What our officers have to say about working at SYP

Date published: 08 October 2020 07:31

Keeping it in the family: mum-of-three starts policing career by taking on her dad’s collar number

With three children and a career in school finance, PC Nicola Appleton never thought she would be following in her dad’s footsteps and becoming a police officer. But that’s exactly what she has done.

Nicola recently ‘passed out’ from her student officer training and is now out on the beat in Barnsley helping to keep the local community safe.

We spoke to her about what it’s like to not only start a life-changing career, but to embark on the same path her dad did 36 years ago.

She said: “I was working as a school finance consultant in Doncaster and Barnsley, doing budgets and financing.

“Policing seemed like a world away, but it was always in the back of my mind.

“Growing up, my dad was a police officer in South Yorkshire for more than 30 years. So seeing him in the job while I was growing up was a real inspiration.

“It’s something I’d always wanted to do, but I just never got round to it.

“At 29 I really thought that I was ‘passed it’ and that I’d missed my chance.

“I’ve had a family, and with three daughters aged six, two and one I thought that there was no way a career in policing would even be feasible given my home life.

“I just thought, if I apply, would they even accept me?

“I couldn’t shake the thought though, so I applied on a whim as ‘one last chance’ and I’m so happy to say I did it. Here I am!

“The application process was quite lengthy, but it actually worked in my favour. My youngest daughter was just one-month-old when I applied, and so because the application process took around 12 months it meant that by the time I was ready to begin my training, I’d had a full year with her.

“Overall, applying was pretty straight-forward and the team kept me informed throughout the whole process which was a big help.

“When I found out that I’d been successful, I couldn’t believe it. I didn’t tell my eldest daughter that I’d gone for it, but once I knew I’d got in I told her. She was so excited, she went round school telling everyone!

“She now says when she’s older she wants to become a police officer too.

“My children have got used to me going back full-time now. Before I worked part-time, so it was a big change but they’ve got used to it. I think having an exciting career also helped them to be excited for me!

“In training, it was also reassuring that there was such a mix of ages and backgrounds, there was such a blend that I never felt that me being a mum of three ever came into it.

“I loved my training even more than I thought I would. The best part is the people I’ve met. They are some of the nicest, most selfless people that you could ever dream of meeting. It makes you think: ‘I am so lucky to have met them’.

“The trainers have also been amazing, they’re so invested in our learning and have been there for anything we’ve needed.

“Moving forward, I’m looking forward to finding out who I’m working with, getting out there and getting stuck in.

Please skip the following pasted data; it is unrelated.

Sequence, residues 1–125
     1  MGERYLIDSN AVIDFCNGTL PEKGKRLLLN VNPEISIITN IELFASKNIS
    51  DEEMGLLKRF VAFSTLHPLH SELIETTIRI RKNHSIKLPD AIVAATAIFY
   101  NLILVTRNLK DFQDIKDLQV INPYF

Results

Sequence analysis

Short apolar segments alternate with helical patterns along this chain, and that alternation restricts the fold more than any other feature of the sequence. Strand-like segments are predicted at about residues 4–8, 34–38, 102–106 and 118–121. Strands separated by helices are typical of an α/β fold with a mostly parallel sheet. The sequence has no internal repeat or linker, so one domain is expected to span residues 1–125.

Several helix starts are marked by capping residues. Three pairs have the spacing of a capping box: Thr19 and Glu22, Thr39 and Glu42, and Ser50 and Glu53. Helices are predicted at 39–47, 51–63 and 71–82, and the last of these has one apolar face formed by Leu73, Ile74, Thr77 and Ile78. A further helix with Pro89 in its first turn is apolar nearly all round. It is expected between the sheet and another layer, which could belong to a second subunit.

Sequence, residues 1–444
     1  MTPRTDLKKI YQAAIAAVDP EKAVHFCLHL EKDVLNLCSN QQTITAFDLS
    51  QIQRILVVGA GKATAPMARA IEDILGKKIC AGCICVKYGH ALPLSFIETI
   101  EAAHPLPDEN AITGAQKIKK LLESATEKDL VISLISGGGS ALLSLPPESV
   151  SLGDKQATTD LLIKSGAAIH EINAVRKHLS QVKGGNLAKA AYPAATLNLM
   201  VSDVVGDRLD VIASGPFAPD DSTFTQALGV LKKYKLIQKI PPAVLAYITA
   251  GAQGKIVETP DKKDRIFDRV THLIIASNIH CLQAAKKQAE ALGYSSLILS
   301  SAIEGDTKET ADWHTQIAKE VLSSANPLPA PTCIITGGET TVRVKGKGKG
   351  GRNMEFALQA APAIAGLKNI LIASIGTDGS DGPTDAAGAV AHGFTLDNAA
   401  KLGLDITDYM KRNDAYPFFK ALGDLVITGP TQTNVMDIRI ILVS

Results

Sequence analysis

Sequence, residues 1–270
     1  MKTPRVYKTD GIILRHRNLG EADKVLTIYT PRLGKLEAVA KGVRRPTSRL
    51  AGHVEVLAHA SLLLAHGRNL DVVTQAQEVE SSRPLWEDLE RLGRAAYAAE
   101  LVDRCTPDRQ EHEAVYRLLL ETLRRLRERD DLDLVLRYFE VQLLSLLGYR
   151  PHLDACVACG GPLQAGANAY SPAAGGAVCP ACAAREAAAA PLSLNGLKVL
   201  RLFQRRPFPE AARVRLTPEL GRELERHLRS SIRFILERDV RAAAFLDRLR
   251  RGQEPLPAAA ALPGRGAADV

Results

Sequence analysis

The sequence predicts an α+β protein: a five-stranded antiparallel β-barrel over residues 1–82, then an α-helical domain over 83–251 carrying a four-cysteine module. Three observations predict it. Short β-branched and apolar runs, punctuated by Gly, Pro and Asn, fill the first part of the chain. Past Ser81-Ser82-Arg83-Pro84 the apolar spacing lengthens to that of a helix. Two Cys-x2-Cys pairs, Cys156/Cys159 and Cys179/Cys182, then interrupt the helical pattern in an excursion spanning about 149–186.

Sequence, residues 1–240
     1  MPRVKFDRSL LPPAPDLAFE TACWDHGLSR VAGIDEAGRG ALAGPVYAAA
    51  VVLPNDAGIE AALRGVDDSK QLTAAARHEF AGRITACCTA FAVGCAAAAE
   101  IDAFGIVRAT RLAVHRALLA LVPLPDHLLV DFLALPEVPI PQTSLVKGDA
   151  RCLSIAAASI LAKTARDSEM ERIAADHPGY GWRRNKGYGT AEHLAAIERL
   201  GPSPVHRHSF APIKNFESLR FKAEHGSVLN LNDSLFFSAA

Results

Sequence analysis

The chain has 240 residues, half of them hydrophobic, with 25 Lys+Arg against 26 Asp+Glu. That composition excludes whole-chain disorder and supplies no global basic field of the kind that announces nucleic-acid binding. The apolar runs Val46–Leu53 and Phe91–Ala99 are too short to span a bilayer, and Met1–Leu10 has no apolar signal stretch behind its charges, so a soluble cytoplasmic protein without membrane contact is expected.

“My dad is now retired, and I am so proud to be taking on his collar number. I really hope my children will be as proud of me one day as I am of him.

“For any other mum considering a career change it really can be a daunting prospect, especially for something like policing which requires a lot of training.

“If you’re thinking about taking the plunge, I’d say go for it; don’t let it hold you back.

“I want my daughters to be proud of me. This is what I want to do and this career is definitely something to be proud of.”

If, like Nicola, you’re thinking about a career in policing, make sure you head to our website to complete an application.

For advice on applying, and guidance about your eligibility please do not hesitate to get in touch with our recruitment team.

What's it like to be a mounted officer?

We spoke to PC Phil Reed over at Ring Farm in Barnsley about what it's like to be a mounted police officer.

With the help of his trusty steed Bawtry he tells us all about his day-to-day, what he likes about it, and how he became a mounted officer.

Watch out for the moment where Bawtry gets a little curious about our camera!

Would you like to work with Phil and Bawtry? Apply to be an officer with us to begin your journey. 

What's it like to train with us?

We spoke to PC Aliya as she 'passed out' from her student officer training. She is now out on the beat keeping our communities safe as a fully-fledged officer.

We caught up with her to find out what she enjoyed about training and when she is most looking forward to in her role.

If, like Aliya, you have a passion for public service, don't miss your chance to apply to be an officer too.

Head to www.southyorks.police.uk/bethefuture to apply.

Army Veteran With 24-Years’ Experience Carves Out New Career at SYP

A career change for many is no easy feat. A new team, a new office and new skills to learn can be a daunting prospect, and after 24 years in the army- the last five years as a Company Sergeant Major - no one would blame Stewart for wanting to hang up the uniform for good and get some well-deserved R&R.